It was a far cry from the player who’d arrived to fanfare, yet was anonymous in Italy’s shock defeat at the hands of the Irish in the first group game. Worse was to follow when Baggio was substituted after just 20 minutes of Italy’s next match after goalkeeper Gianluca Pagliuca was sent-off. The decision made by coach Arrigo Sacchi left a visibly shocked No.10 mouthing “He’s gone mad!” as he trotted off the pitch.
Italy somehow survived the group stage with a healthy dose of perspiration, but when they needed it most, inspiration guided them further.
Baggio’s heroics against Nigeria also gave Italy something they hadn’t yet attained: momentum – and they continued to ride its wave as they dominated Spain during the first-half of the quarter-final, deservedly taking the lead through the other Baggio, Dino.
However, at half-time, Sacchi inexplicably chose to shuffle his pack with his team on top, removing midfield controller Demetrio Albertini in place of striker Giuseppe Signori, but deploying the substitute as a wide midfielder.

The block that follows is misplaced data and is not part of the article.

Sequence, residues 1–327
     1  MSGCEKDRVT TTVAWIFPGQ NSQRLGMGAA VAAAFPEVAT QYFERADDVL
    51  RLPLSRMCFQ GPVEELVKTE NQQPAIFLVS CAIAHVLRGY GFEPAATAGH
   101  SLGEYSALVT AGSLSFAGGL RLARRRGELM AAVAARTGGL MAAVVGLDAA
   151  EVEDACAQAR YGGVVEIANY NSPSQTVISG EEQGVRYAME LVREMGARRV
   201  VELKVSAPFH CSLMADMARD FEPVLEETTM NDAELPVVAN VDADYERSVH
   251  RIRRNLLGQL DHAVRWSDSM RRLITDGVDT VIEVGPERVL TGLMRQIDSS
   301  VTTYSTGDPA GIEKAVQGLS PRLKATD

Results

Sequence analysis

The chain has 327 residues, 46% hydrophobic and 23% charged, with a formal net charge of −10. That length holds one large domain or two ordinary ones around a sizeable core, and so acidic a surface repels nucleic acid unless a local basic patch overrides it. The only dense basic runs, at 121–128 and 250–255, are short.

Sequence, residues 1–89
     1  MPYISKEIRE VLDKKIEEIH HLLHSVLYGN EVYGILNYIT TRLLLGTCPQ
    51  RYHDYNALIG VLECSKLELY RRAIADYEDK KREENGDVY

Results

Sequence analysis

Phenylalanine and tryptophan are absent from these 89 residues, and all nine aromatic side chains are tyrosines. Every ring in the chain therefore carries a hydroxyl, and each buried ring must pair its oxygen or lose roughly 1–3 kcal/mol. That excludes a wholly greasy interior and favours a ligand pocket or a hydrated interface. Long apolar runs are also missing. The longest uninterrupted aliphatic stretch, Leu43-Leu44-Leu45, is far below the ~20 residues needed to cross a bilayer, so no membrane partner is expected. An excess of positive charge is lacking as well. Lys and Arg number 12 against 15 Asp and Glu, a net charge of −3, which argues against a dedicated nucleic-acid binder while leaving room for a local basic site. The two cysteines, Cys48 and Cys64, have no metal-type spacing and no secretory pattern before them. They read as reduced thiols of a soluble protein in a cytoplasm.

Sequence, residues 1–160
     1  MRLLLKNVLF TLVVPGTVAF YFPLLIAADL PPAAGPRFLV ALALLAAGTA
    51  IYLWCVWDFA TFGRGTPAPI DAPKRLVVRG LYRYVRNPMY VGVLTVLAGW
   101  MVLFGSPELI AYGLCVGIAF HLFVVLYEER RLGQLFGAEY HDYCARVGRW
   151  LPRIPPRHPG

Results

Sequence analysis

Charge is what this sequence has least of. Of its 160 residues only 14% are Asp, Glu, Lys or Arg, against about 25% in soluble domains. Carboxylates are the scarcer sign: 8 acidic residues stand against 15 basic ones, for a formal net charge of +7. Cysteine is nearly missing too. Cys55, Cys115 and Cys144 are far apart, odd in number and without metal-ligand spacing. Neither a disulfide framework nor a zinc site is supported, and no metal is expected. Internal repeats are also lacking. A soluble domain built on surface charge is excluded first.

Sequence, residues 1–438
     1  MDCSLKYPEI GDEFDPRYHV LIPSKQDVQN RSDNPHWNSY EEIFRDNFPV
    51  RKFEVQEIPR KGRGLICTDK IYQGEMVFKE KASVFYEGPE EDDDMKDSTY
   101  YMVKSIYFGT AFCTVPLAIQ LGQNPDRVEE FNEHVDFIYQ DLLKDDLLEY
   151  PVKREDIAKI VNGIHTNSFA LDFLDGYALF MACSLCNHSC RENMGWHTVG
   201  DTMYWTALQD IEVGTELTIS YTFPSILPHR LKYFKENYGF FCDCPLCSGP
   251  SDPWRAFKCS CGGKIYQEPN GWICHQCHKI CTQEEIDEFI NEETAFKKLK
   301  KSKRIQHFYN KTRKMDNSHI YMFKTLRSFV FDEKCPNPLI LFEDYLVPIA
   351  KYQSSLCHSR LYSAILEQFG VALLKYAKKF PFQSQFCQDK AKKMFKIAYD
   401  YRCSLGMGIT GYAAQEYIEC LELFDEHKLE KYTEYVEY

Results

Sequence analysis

The change left Baggio isolated upfield and Italy struggling, eventually succumbing to an equaliser, courtesy of a deflected effort by the impressive Jose Luis Caminero. With Spain in the ascendency and smelling blood, all of Italy’s exhausting travails were catching up with them. They were on the ropes once more.
Cue Baggio, and another moment of inspiration ‘in the clutch’. With the Red Fury pushing for victory, Italy mustered a final counter as Signori latched onto a long pass after making a surging run from deep in midfield. Taking one for the team, the striker was clattered by on onrushing Spanish defender but managed to toe the ball into the path of Baggio, whom had peeled away unmarked. It was the one man Spain would have feared being in such a position. The man known to have ‘ice in his veins’ when through on goal.
Controlling the bouncing ball in his stride, the deftest of first touches with the outside of his right boot took him past the onrushing goalkeeper, Andoni Zubizarreta. A quick second touch pushed him wider than necessary however, making the angle to goal more difficult, particularly with a panicked Spanish defence rushing back to guard the goal line.